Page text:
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Law Protects Killers
May 12, 2007 permalink
Using the restrained language of the press, an editorial in the Edmonton Journal says that confidentiality laws let child protectors get away with murder. Children cannot be safe in state custody until confidentiality laws are abolished. A good start is to end confidentiality for dead children.
Law lets children die nameless
The Edmonton Journal
Friday, May 11, 2007
In a democratic society, individuals are not supposed to die anonymously.
The community's ability to know the names of the dead and how a citizen leaves this world is a fundamental difference between countries such as Canada and authoritarian states where people can simply disappear.
This is especially important when a person dies in the care of the state. That's how a community holds responsible public bodies to account; a fatality inquiry is the crucial vehicle.
But in Alberta, this principle has been compromised in a troubling way.
The province now prohibits publication of the name of any child who dies in foster care under the Child, Youth and Family Enhancement Act.
This week, for instance, a fatality inquiry began into the case of a 17-year-old who was killed when he jumped out of a social worker's car on the way to the boy's Spruce Grove group home.
The youth, known only as L.S., was made a permanent ward of the state at birth. As a result, he died nameless and will remain nameless in the community.
A sound argument can be made for protecting the identity of minors in care while a child is alive: for instance, to protect a child from teasing at school.
But when someone dies, that justification is no longer valid.
Indeed, refusing to disclose the name could be harmful.
What if others have helpful information about the person, but it does not not come to light because the identity was not made public?
Think of the six deaths which occurred in foster care in 2005-06.
According to the province, the names of these children cannot be disclosed. The Youth and Family Enhancement Act prohibits identifying publicly any child "who has come to the minister's or director's attention under this act or any information serving to identify the guardian of the child."
Although it's not clear why, the province interprets this protection to cover those who have died as well as the living.
The Criminal Code quite rightly protects the identity of victims of sex assault crimes. The name of the four-year-old girl at the centre of a current sex abuse trial cannot be published, for instance.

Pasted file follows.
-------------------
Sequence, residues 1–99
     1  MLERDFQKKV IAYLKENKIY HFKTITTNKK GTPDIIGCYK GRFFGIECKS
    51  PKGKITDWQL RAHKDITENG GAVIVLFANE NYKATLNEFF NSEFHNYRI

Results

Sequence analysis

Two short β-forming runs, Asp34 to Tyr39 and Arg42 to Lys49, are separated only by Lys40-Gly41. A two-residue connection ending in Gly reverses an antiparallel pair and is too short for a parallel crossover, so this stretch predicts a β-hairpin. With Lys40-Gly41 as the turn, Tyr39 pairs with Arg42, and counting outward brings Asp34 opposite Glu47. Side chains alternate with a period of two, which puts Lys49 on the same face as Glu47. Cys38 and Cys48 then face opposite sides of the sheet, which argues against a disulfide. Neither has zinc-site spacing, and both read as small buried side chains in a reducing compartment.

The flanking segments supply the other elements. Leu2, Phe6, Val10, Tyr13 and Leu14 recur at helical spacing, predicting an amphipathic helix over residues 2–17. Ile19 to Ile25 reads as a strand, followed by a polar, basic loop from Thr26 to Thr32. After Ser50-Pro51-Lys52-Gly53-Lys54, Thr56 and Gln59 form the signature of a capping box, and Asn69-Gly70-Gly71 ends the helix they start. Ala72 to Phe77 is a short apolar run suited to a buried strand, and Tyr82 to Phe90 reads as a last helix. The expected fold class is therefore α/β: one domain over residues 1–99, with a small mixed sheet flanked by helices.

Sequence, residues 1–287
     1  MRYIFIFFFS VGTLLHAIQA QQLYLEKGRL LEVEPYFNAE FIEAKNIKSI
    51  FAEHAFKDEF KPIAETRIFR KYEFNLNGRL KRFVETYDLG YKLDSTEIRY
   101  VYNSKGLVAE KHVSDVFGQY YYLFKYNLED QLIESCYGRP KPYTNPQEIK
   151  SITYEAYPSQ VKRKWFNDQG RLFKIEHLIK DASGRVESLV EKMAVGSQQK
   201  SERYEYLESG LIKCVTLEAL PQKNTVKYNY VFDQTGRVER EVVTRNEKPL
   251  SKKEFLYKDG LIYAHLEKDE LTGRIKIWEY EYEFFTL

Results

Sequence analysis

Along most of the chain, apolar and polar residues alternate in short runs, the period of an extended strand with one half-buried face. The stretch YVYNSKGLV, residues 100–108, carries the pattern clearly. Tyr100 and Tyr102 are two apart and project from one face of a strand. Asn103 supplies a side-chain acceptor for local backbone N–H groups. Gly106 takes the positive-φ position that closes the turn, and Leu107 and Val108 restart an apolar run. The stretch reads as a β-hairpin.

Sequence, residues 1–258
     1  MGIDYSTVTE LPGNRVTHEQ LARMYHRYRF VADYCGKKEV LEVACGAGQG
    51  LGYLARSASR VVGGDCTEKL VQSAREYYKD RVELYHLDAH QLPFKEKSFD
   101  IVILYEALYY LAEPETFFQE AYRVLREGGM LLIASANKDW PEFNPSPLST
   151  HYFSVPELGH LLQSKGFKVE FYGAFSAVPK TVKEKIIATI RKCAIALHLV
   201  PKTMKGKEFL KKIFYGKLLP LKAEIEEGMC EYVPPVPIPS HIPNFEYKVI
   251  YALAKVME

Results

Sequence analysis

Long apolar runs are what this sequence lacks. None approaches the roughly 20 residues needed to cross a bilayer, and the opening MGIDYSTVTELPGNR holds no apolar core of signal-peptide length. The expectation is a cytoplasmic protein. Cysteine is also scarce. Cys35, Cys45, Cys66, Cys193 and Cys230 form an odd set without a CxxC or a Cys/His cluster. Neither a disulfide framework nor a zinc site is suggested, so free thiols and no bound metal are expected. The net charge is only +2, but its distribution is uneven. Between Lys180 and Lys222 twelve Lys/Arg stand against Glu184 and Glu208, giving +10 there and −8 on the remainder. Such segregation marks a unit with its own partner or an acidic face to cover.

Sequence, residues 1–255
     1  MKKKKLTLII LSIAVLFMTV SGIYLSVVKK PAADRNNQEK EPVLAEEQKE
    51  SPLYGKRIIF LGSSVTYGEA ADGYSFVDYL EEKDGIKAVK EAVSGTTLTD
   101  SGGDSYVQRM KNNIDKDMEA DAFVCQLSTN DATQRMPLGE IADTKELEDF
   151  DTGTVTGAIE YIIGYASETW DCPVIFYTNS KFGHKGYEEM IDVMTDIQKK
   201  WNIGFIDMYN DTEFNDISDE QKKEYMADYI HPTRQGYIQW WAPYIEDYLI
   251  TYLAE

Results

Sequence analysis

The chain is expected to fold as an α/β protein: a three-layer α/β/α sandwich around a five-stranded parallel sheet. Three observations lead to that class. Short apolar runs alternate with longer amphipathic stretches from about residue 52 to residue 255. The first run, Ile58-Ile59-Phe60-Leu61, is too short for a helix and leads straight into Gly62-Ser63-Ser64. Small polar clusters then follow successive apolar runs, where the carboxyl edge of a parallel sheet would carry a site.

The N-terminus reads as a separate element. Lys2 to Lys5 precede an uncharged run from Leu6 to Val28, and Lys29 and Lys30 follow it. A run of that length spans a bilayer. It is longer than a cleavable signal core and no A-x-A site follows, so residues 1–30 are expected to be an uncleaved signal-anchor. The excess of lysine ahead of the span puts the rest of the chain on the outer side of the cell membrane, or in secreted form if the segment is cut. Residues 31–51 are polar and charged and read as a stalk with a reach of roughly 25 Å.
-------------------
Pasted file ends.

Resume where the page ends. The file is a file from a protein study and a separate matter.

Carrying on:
In that trial, a judge this week agreed to lift the publication ban on the name of the accused, Darcy Don Bannert, the boyfriend of the girl's mother.
Bannert has a different last name from the young victim and her mother, so there is no danger the girl will be identified.
Yet a provincial government lawyer at the court insisted to The Journal that Bannert's identity could not be be disclosed under the provincial act for fear of identifying the child's mother.
The impact of the province's Youth and Family Enhancement Act is far- reaching.
For instance, in a recent murder case, the province interpreted the law as prohibiting the press from asking the question about whether the victim had any involvement with children's services. One media outlet has been prosecuted for doing so.
The intent of the act is to protect young children from the stigma of being in foster care and to afford some privacy to the good-hearted foster parents who take care of them.
But in effect, the law compromises the community's ability to keep these agencies accountable.
We can't find out -- as we did with Richard Cardinal so many years ago -- if a dead child might have been in a series of foster homes.
Surely that's not what was intended.
The Child, Youth and Family Enhancement Act is too blunt an instrument. A community must be able to name the dead, tell their stories and be able to get a full accounting of how their public agencies operate.
Source: Edmonton Journal
Addendum: In later articles, we dubbed this the Alberta Kafka case.